The Green Design Team

The design team should, at a minimum, include the owner, the architect, a knowledgeable heating, ventilating, and air-conditioning (HVAC) designer, and an experienced contractor. For larger projects, a mechanical engineer, structural engineer, civil engineer, landscape architect, construction manager, and property manager are also needed. If the design team does not have green building expertise, a green building consultant should be included. When selecting team members, requests for pro-

FIGURE 2.2. The integrated design process continues throughout the course of developing a project, from design to construction.


1. Project definition

2. Program and site selection

3. Massing and orientation

4. Charrette

5. Research

6. Cost analysis

7. Materials and systems decisions

8. Specification review

9. Contractor orientation

10. Requests for information and HERS testing


Passive roof ventilators Energy Star White "Cool" roof Conduit for future photovoltaic system Prefabricated roof truss with integral parapet Perimeter insulation

R-30 formaldehyde-free blown insulation or glass batts Caulk

Engineered wood headers where needed, insulate cavity

Aluminum windows with thermal break Operable double glazed Low-E windows Sloped sill with self-adhering flexible flashing pan OSB in lieu of plywood Vapor barrier

R-19 formaldehyde-free blown insulation or glass batts

Control joint

Perimeter insulation

Eliminate header

AwningsfaJ.south elevations min.

Maximize head height

for deeper daylight penetration

Sloped sill with self-adhering flexible flashing pan Wood studs at 24" on center

Floor and wall coverings with recycled content and low VOC

Concrete thermal mass up to 50% fly ash

Rigid under slab insulation

Rainwater leader to bioswale Recycled aggregate fill


Aluminum window with thermal break, insulated glass & Low E coating

A.C. sleeve & insulated cover

CMU with bituminous dampproofing at cavity face

Finish flooring

Precast conc. plank

Cast stone band Rigid insulation

Cast stone lintel at window

FIGURE 2.3. The above cross sections show how the various envelope elements can be integrated to achieve an enclosure that is thermally effective, avoids moisture intrusion, and also allows for flow of fresh air into the living space and exhaust of stale air to the exterior. While the specific design approach and material relationships differ between concrete masonry (2.3b) and wood frame construction (2.3a), similar practices such as the effective placement of insulation, providing continuous drainage plain, thorough flashing, and planning for ventilation apply to both construction types.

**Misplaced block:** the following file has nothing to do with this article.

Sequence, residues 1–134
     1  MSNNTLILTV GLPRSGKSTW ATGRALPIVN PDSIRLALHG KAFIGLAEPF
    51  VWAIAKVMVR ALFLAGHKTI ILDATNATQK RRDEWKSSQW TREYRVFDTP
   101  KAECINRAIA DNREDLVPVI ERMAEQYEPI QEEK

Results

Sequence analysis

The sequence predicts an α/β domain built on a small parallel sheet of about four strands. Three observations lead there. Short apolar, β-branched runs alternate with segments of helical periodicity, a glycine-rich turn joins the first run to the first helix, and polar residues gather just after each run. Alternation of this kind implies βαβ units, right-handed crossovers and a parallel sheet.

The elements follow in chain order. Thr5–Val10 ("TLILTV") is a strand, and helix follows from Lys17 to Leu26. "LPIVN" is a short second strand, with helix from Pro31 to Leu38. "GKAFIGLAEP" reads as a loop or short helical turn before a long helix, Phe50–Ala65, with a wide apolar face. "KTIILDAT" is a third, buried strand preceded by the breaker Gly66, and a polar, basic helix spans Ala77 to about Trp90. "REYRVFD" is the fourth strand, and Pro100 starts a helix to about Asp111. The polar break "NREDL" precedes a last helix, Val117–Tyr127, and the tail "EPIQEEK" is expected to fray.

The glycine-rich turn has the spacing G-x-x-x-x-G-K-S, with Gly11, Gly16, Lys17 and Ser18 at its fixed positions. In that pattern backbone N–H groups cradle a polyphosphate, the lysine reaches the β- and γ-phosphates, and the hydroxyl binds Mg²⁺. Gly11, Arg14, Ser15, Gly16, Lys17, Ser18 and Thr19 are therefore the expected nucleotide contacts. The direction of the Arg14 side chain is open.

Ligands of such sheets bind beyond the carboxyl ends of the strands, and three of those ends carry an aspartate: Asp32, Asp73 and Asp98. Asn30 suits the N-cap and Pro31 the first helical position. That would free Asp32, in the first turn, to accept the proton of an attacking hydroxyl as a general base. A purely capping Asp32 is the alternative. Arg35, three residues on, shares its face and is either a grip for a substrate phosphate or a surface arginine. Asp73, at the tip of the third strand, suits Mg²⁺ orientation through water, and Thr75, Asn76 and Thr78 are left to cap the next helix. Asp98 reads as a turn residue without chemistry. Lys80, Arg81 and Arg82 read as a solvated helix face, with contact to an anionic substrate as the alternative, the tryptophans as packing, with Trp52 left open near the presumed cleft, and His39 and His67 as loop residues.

Figures courtesy of Dattner Architects (2.3a) and Van Meter Williams Pollack (2.3b)

posals (RFPs) or requests for qualifications (RFQs) should specify what type of green building experience is required.

If at all possible, select and retain the contractor through a negotiated bid process. This approach allows the developer to select a builder with experience in green construction and to integrate the contractor into the project team at the early stages of design. Selecting a contractor early on helps to ensure that the people responsible for building the project are knowledgeable about the green design elements, allows the contractor to participate in the give-and-take of the design process, and provides a way to get ongoing feedback on the costs and practicality of various options. If a public bid is required, use a two-step contractor selection process that focuses first on qualification and then allows the prequalified general contractors to submit competitive bids. To gain expertise on construction and cost-related issuesduring design, retain a construction management consultant or other professional with experience in construction to participate in the green design charrette and provide cost estimates during design.

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